"Hah-pee buh-day, Cha-ree." Her mother had picked up the phone while Linda was yelling. Her voice was high and loud. He could hear Linda begging her for the phone back.
He didn't like talking to her mom on the phone. She couldn't speak English very well and he couldn't understand hardly anything she said. In person he could at least read her facial expressions to try and figure out what she was talking about. If she smiled when she told him something he'd smile back at her as his reply, and if she frowned or sounded angry he'd just shake his head back and forth and look at the ground. He couldn't do that now, so he just pretended he didn't hear her.
There was a fumbling noise, then a voice again. "Charlie?"
"I'm still here, baby." More static.
"What? Oh, sorry about that." She sounded short of breath. "So what d'you say?"
Charlie twisted the yellow wedding band around his finger with his thumb. "About what?"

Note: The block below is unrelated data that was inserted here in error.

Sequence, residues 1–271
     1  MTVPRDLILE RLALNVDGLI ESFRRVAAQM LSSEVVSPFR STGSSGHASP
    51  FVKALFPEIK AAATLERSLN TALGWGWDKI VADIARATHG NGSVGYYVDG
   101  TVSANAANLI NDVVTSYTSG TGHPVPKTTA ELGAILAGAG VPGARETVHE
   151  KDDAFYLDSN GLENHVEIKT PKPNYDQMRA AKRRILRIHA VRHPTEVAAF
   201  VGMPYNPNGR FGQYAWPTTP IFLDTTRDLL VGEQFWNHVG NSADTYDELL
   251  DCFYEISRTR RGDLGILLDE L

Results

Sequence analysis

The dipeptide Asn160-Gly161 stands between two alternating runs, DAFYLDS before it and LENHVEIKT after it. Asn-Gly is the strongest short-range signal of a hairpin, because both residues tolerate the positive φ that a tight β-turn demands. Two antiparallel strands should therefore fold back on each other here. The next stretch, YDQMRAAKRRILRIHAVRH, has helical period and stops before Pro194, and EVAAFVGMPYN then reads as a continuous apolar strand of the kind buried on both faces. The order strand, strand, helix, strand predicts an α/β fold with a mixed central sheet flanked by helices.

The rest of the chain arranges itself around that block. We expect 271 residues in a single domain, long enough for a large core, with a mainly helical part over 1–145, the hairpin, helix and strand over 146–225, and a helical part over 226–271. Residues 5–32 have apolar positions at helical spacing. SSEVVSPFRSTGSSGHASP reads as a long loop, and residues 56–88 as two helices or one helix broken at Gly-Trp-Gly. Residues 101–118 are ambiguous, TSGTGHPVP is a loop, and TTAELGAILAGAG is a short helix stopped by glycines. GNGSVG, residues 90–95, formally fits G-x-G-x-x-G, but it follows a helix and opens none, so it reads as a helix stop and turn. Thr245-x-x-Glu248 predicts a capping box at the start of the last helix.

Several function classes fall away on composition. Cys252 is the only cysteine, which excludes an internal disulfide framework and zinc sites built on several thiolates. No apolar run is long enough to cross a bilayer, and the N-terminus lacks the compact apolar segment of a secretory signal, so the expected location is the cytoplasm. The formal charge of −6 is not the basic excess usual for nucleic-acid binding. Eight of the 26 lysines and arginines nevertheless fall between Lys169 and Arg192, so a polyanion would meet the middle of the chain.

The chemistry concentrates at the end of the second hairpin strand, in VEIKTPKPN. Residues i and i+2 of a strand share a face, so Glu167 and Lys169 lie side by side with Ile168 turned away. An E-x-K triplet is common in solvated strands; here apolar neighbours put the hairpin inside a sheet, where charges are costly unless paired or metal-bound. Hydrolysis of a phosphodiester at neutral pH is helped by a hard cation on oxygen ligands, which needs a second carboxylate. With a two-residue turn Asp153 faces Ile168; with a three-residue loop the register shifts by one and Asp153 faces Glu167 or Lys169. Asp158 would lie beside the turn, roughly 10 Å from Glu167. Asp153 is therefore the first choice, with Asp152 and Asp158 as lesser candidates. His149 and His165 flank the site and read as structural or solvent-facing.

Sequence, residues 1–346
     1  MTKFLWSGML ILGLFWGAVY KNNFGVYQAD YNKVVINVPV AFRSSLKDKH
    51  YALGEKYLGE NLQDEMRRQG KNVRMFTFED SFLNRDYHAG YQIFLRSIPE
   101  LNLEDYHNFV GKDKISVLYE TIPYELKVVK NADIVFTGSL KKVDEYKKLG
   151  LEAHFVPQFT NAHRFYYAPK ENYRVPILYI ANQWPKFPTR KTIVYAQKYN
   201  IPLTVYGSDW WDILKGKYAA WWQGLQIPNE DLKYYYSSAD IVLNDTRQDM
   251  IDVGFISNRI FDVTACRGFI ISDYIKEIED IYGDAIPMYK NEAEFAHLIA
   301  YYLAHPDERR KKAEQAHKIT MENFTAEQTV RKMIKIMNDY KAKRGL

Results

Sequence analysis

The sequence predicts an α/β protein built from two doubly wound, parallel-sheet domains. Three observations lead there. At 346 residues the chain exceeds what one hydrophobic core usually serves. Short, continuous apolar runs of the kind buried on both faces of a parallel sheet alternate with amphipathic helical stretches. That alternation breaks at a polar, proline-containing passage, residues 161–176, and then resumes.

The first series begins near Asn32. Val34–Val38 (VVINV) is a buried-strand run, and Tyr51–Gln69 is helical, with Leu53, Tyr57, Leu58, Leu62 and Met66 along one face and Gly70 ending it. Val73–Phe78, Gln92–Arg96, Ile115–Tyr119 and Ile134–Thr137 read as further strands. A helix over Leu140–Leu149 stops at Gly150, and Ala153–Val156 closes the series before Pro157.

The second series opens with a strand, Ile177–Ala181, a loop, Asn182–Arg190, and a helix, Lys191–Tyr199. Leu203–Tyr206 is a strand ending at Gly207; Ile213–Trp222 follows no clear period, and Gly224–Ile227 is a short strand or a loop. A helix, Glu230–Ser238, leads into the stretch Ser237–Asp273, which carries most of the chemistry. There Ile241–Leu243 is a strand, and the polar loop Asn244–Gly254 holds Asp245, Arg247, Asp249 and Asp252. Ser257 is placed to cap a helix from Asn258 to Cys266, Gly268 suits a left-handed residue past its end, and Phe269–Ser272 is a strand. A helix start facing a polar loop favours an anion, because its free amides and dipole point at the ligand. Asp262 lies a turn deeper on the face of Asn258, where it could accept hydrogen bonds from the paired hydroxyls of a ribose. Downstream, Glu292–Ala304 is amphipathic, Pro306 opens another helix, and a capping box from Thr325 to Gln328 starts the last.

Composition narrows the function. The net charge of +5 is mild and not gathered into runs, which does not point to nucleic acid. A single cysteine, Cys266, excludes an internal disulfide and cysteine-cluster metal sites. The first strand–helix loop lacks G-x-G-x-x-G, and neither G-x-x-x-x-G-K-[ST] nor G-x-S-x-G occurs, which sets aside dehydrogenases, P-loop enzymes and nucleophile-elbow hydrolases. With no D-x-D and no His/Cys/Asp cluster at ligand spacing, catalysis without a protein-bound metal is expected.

"About me coming over later. To give you your present."
"When would be best?"
"I don't care."
"How about around four?"
"Around four." Again she pronounced the words slowly, meticulously.
"That'll be fine." He looked at the blank digital alarm clock next to the phone on the night stand. He'd unplugged it when it went off at seven A.M. yesterday morning, or maybe it was Thursday morning, he wasn't sure. He couldn't remember why he'd set the damn thing in the first place. "What time is it now, anyway?"
"Eleven forty-five," he repeated. "Four'll be just fine."
"Great. I'll see you then, Charlie."
He thought he could still hear her on the line when he hung up, but thought it must've been more static. Sooner or later he'd have to get around to buying a new phone. He untangled his leg from the blue sheet that was twisted around it, swung around and put his feet on the wet spot in the carpet.
"Goddamn dog," he mumbled. Then he remembered the dog died a month or so ago after drinking a puddle of antifreeze that had leaked from the radiator of Charlie's Pacer. Poor bastard.